A bigger question for the United States is how long CSF should be extended past 2014, the official end of U.S. combat operations in Afghanistan.
“There was always a horizon in view for CSF. We won’t be fighting the Taliban forever,” said the official cited earlier who asked not to be named. “Something could replace it but we’re probably not talking the same dollar amounts.”
For now, it looks like CSF will continue in 2016 but its future past that is not clear.
The Defense Authorization Act for 2016 — which is in the final stages of passages — authorizes up to $900 million for CSF.
And the 2016 bill again requires the Department of Defense to withhold $300 million if Pakistan does not demonstrate meaningful action against the Haqqani Network.
It also adds a new requirement that cannot be waived: Pakistan must promote stability in Afghanistan and encourage reconciliation talks between the Taliban and the government of Afghanistan.
“The U.S. does not want to lose Pakistan, as unhelpful as its policies have been for the U.S. in recent years,” said Michael Kugelman, a senior program associate at the Woodrow Wilson Institute in Washington, D.C.
“But one factor in this decision is that the U.S. troops aren’t fighting in Afghanistan anymore. This makes the U.S. more willing to play hardball with the Pakistanis,” he continued.
Stephen Tankel, assistant professor at American University, reinforces the point in a piece just published by War on the Rocks: “The [Pakistani] military only needed to undertake operations in North Waziristan that ‘significantly disrupted the safe haven and freedom of movement of the Haqqani network in Pakistan.’ The fact that U.S. policymakers took a hard line suggests a willingness to begin holding Pakistan more accountable for its behavior.”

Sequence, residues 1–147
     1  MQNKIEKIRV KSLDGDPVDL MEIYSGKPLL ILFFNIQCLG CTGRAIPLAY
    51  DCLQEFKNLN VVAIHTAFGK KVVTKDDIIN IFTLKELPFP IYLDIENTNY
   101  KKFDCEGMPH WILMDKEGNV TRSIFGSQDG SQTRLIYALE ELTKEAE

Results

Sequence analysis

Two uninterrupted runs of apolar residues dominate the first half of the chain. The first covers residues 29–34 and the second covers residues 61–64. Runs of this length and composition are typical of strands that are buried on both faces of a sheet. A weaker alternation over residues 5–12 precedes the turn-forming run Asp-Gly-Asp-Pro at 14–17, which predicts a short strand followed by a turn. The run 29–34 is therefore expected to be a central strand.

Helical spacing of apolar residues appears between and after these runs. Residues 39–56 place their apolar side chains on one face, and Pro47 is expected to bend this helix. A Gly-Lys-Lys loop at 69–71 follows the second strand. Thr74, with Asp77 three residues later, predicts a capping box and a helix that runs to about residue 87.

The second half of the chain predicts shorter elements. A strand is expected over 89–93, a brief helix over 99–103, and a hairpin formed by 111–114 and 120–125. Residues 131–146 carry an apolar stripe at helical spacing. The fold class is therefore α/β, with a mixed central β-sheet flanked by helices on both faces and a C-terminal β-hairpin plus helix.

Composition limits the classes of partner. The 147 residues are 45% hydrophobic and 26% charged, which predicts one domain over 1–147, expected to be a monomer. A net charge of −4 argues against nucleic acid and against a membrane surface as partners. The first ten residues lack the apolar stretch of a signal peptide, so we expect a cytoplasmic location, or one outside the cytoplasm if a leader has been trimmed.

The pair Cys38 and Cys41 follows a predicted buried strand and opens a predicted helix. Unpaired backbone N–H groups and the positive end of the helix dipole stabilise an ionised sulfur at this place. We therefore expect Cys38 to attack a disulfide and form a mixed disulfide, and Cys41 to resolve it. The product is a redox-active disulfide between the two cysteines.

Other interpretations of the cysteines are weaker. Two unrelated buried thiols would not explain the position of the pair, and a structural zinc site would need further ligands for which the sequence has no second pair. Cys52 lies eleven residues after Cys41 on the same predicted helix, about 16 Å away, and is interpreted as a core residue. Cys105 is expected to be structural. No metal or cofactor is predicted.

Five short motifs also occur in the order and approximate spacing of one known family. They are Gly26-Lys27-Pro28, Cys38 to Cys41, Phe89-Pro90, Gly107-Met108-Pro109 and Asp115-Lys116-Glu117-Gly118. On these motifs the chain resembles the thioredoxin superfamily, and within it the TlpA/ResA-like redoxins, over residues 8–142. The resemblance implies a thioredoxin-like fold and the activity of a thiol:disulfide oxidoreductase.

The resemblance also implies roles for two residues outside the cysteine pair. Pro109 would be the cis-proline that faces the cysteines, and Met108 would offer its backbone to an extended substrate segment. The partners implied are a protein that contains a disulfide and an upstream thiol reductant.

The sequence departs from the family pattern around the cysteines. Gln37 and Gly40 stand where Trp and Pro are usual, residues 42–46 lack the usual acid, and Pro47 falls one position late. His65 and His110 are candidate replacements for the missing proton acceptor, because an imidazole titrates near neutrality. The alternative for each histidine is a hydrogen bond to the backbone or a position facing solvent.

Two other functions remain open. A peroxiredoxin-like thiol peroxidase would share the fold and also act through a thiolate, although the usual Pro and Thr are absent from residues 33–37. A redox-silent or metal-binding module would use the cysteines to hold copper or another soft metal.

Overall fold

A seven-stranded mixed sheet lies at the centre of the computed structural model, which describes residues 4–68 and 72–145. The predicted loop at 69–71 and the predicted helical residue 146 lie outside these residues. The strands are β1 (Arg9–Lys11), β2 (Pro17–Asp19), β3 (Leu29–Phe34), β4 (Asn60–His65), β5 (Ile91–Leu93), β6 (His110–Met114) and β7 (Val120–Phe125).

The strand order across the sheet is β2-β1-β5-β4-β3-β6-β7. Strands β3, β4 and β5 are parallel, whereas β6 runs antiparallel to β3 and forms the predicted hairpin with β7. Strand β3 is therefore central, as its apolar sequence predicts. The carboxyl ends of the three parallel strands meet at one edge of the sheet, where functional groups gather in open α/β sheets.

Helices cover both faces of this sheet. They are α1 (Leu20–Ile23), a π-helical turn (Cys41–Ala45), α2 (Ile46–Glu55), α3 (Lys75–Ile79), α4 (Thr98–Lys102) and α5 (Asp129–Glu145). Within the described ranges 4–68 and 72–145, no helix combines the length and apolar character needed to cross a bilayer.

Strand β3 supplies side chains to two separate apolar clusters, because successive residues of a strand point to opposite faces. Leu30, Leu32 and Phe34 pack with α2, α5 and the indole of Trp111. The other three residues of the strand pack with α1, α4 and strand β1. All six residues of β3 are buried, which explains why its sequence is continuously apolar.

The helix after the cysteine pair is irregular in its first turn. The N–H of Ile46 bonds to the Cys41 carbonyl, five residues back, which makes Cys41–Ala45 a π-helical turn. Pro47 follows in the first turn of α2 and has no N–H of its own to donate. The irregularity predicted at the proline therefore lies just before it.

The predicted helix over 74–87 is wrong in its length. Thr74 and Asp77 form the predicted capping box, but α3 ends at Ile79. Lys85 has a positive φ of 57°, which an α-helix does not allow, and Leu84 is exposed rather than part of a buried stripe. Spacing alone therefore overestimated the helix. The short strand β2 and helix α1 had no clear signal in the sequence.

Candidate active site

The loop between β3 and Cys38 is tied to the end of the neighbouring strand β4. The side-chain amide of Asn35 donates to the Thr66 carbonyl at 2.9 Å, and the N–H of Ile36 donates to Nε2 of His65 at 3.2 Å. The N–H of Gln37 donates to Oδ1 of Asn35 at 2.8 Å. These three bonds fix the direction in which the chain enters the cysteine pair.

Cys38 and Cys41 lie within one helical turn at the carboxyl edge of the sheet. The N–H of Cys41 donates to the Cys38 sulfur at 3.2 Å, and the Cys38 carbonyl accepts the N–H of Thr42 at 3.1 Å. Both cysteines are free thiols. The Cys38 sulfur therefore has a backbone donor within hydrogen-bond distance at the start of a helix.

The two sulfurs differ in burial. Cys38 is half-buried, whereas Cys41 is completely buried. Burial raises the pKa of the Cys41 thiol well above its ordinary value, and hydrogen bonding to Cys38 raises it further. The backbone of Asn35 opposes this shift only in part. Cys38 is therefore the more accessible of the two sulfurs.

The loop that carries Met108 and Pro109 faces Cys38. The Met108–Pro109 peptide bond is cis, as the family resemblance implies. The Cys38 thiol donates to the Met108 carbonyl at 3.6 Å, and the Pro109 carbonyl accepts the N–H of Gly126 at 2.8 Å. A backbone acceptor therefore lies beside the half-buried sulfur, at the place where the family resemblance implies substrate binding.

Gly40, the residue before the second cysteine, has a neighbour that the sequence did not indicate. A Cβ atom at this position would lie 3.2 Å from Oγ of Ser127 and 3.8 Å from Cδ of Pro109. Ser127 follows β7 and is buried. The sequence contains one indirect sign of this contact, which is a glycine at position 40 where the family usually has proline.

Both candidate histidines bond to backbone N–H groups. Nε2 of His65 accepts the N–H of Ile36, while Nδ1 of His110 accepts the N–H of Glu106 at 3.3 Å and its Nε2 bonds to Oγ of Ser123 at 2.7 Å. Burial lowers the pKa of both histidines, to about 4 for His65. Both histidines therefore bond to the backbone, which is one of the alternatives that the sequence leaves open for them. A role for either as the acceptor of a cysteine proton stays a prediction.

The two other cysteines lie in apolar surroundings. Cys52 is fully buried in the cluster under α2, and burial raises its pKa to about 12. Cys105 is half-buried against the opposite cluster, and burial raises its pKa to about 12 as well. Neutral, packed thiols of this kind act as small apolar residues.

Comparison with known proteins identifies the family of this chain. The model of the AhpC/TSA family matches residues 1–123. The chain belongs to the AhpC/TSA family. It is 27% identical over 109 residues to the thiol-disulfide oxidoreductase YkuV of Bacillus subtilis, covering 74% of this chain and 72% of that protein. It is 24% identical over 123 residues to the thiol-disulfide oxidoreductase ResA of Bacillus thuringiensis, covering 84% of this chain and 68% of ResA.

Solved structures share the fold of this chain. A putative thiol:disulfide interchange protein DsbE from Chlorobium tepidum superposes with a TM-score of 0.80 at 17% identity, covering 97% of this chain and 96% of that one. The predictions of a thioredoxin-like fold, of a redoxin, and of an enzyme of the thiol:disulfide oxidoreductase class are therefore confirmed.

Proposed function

But Pakistan is scarred by its experience with congressional certifications. Failure to meet the threshold for a congressional certification — the infamous Pressler Amendment — triggered sanctions against Pakistan in 1990s; sanctions that were preceded by a decade in which Pakistan was one of the largest recipients of U.S. aid.
Levin’s language is actually the first condition on aid to Pakistan since the Pressler Amendment that cannot be waived.
“There’s a recognition that the relationship with America is never going to be reliable. America works on a different canvas, different assumptions,” said Ashraf Jehangir Qazi, who served as Pakistan’s ambassador to the United States between 2002 and 2004, in an interview.
“Tough messages to Pakistan don’t seem to work,” he continued. “Pakistan has lost $100 billion in the war on terror, which pales in comparison to what America has given. If the U.S. Congress doesn’t care about that then it will be popular here to say take a walk.”
BAY ISMOYO/AFP/Getty Images